Living in South Africa at the moment is a bit of a challenge financially for the average Joe and for the underprivileged it must be horrendous! With the rand/dollar the worst it’s ever been, food, education, transport and everyday amenities just keep going up and it’s hard to keep up.
If food is this expensive for people living in the middle class suburbs, I pale to think of what it must be like living below the bread line.
There are two ways of coping with the challenge, one is to come closer together as a family and one is to split further apart.
How to not let your financial situation split you and your loved ones apart.
About 75 years ago, my people (and I mean literally, my grandparents’ family and friends) were living or dying in the throes of the Holocaust. Hitler was at his prime and was succeeding at quite an alarming and efficient rate in attempting to wipe out the Jewish people (and of course anyone else he didn’t like or who didn’t follow his ideals).
The Jewish people have always had an uncertain place in history wherever they have lived and to be honest that has given me fear and strength at the same time. Fear because I never feel completely secure. Strength because if they could live through that (those that did), then we can live through financial insecurity and challenge. In a way I kind of use the suffering of my ancestors as a way of moving forward in life. I do it a lot. I do it when I hesitate to give someone a lift or when I hesitate to offer food to someone hungry or a blanket to someone cold. I think of my grandparents and how it must have felt for them to be freezing and hungry with nobody to help them. Then I get out of my comfort zone and go and help someone.
Almost every time I help someone, I realise how blessed I am with what I have. Yes, for some of us money is tight but most of us (reading this) still have decent reasonably healthy food to eat every day. While I am passing food or some change out the window to the barefoot beggar on the street, I have my car heater blowing on my feet. I take notice of those things because otherwise I might be more complacent and not appreciate what I have.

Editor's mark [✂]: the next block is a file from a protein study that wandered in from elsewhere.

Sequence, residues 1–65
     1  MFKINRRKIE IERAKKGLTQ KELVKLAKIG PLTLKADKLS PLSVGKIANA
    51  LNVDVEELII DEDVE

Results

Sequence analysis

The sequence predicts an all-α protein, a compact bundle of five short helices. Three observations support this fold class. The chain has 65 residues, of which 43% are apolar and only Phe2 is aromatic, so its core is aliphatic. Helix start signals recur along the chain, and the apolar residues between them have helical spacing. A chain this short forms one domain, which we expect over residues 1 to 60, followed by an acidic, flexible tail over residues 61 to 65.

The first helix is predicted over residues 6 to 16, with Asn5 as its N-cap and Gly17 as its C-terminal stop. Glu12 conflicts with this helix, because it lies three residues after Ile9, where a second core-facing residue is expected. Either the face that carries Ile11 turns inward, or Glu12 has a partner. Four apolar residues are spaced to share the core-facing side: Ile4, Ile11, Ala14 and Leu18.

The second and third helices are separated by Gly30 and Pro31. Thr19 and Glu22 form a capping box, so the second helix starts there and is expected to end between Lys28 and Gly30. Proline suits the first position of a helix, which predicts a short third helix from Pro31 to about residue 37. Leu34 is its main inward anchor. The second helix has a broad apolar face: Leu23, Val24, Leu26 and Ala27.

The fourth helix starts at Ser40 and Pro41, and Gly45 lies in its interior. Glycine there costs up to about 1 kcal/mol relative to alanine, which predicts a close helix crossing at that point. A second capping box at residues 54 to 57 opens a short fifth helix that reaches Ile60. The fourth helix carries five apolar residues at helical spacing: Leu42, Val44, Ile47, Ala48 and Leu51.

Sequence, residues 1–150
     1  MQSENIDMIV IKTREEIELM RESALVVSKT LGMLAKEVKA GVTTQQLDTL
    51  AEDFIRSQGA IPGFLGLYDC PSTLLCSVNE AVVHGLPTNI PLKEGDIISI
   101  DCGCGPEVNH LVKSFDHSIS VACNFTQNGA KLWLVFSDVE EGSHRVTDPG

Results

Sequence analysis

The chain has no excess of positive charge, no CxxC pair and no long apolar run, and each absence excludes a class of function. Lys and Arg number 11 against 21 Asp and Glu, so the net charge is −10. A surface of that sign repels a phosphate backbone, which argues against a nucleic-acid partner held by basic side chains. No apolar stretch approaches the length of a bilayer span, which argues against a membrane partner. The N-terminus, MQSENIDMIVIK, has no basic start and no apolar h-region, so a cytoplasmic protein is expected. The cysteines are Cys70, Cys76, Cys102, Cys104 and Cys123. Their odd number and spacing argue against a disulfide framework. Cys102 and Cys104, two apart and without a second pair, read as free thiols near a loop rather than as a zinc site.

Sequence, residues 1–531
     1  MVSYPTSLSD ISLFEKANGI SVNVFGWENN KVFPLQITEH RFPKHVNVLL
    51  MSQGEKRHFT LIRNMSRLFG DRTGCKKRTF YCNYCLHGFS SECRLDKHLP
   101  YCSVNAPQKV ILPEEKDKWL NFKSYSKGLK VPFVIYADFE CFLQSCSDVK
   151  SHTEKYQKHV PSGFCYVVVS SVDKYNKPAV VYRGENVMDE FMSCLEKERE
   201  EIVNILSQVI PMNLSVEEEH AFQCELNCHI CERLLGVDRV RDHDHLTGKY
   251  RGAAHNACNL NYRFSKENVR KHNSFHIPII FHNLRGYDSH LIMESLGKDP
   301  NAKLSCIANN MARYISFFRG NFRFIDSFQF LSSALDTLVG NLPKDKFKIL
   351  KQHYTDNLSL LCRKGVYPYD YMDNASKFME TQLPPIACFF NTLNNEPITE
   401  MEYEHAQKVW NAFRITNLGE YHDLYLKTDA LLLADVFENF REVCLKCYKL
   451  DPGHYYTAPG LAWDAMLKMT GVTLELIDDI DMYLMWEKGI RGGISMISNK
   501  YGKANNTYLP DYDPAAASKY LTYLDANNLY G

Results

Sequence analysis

If we look at what is most important to us in our lives, we can gain better perspective of what is happening and act accordingly. Here’s a creative example: If people have to cut down on electricity usage to save money, perhaps they can have supper by candlelight because eating together and spending time together talking is more important than having the lights on.
Yes it is a challenge and I’m not going to pretend that it isn’t. Talking to each other about what is happening and trying to find ways to make things work is what will help people to get closer during tough financial times. Being creative with what you’ve got goes a long way to making it more pleasant.
Appreciating the little things in life and the free things (like parks and sipping a cup of tea in bed) and most important appreciating each other. This is what makes life easier. Savouring and really experiencing the cup of tea and and time spent with each other is what makes life happier.
Understanding and support is what is needed when having to find the money to make ends meet. Fighting and ignoring the situation can never bring happiness into a home. That’s what families are for, being there for each other. Well that’s what I think anyway.
If people can find something to be happy about, something to be grateful for, something to share together, it can take a little of the sting away.
If it feels like things are unmanageable and falling apart, a hug to one’s spouse or children and some comforting words to each other will go a long way to making things more tolerable.
Look I am an idealist and an optimist but I really believe that if people can look to what is important and try and build that up, we can find happiness in what we have.
How has the current financial climate been affecting you? Is there anything you would like to contribute to this discussion? If so, please comment.
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